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Mentoring and African American Army Captain Success: A Case Study
Abstract and Figures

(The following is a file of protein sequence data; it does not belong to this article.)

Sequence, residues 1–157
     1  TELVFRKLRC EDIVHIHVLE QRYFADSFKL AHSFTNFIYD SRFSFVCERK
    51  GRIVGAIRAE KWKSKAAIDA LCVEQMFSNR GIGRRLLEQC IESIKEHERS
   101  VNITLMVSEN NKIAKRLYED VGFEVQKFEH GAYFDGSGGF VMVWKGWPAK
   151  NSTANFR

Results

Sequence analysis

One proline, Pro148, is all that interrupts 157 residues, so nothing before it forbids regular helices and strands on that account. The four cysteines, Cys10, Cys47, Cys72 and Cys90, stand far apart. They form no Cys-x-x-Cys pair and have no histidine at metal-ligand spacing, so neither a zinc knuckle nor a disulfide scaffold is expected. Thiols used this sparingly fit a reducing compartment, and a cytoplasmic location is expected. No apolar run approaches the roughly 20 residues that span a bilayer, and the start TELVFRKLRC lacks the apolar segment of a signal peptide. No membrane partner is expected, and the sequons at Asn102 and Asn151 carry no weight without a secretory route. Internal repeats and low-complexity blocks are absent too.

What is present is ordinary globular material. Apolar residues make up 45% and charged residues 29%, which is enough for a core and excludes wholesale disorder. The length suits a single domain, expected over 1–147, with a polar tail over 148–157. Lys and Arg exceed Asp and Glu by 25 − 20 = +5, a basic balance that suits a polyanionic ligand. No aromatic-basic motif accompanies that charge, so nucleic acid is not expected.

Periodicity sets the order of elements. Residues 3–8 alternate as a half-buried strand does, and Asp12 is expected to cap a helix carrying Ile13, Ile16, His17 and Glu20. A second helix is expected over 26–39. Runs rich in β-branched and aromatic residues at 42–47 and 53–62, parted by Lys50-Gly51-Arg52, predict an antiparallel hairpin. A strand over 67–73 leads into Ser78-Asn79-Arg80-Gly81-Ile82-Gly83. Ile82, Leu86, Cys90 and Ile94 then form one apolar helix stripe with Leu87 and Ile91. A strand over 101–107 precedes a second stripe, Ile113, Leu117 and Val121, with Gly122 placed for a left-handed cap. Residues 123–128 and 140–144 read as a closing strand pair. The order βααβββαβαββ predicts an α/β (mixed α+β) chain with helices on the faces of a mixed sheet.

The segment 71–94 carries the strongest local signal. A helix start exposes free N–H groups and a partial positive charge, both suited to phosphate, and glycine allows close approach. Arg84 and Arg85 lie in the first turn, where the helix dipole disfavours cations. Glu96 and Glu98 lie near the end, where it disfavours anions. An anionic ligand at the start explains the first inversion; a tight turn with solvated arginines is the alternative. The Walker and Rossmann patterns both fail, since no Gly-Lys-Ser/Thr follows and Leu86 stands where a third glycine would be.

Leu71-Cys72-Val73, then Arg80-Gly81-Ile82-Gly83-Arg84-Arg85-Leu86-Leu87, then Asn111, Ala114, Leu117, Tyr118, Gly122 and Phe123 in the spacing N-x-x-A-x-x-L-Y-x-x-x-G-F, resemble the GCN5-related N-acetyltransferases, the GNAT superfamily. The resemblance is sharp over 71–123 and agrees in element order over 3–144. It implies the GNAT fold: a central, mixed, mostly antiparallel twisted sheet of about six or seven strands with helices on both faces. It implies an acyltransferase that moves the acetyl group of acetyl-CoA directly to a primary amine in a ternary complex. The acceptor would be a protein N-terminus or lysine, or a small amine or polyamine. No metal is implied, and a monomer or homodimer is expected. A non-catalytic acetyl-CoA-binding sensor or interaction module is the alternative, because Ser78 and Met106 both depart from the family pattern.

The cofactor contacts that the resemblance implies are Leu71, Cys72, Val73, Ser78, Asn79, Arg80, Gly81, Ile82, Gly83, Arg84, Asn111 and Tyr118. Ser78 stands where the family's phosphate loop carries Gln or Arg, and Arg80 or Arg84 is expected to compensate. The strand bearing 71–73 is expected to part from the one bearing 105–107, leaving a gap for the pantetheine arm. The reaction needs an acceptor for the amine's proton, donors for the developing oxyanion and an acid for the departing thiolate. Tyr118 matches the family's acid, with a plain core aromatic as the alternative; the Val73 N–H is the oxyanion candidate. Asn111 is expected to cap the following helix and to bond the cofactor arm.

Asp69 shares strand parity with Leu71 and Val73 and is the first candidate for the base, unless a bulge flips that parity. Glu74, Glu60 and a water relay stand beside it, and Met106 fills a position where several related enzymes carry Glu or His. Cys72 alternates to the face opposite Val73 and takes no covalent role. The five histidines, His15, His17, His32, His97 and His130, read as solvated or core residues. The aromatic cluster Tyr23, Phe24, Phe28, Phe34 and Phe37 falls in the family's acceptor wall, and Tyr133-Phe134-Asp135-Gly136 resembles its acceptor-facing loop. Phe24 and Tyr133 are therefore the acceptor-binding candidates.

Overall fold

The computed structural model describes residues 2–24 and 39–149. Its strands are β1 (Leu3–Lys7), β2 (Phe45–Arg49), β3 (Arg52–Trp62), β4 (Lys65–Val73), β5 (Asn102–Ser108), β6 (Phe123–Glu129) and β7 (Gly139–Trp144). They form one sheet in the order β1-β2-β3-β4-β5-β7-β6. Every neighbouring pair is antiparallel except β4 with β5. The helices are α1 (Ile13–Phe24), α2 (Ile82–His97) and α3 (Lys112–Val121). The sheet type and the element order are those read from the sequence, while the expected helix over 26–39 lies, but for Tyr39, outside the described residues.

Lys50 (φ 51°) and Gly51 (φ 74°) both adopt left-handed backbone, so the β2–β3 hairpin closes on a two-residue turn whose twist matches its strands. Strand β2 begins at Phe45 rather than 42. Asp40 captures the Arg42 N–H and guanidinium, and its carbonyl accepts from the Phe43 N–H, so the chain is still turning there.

Relationships are vitally important in all aspects of life, and especially in the Army, when sometimes life or death decisions are required. Mentoring is a developmental relationship where experiences are shared between two people, one with greater experience and one with lesser experience, based on mutual trust and respect. The purpose of this qualitative explanatory case study was to explain mentoring and African American Army Captain success. The impacts are well beyond the primary problem under investigation, of subpar promotion rates to Major for minority and female officers. A systemic problem spanning over the last 40+ years, and what may contribute to the diversity imbalance at senior Army officer levels, requires a holistic performance improvement strategy. Through conducting surveys, in-depth semi-structured interviews, and reviewing previous studies, the views of African American Army Captains and Majors as mentees, and all Army Lieutenant Colonels and Colonels as mentors were gathered. The perspectives identified several themes requiring recognition before executing an Army mentoring strategy. One pattern that led to a theme was that mentoring occurs in the Army, but not through the Army Mentoring Program, because few officers are registered, use, or know of the program. Those patterns were parallel to three other patterns that indicated: lost mentoring time for junior officers, only 1-5 mentee experiences in an Army career, and an ardent desire for mentoring relationships. Based on the research findings, patterns identified, and themes developed, mentoring may have greater impact on African American Army Captain success and promotion potential when initiated at the onset of an officer’s career.
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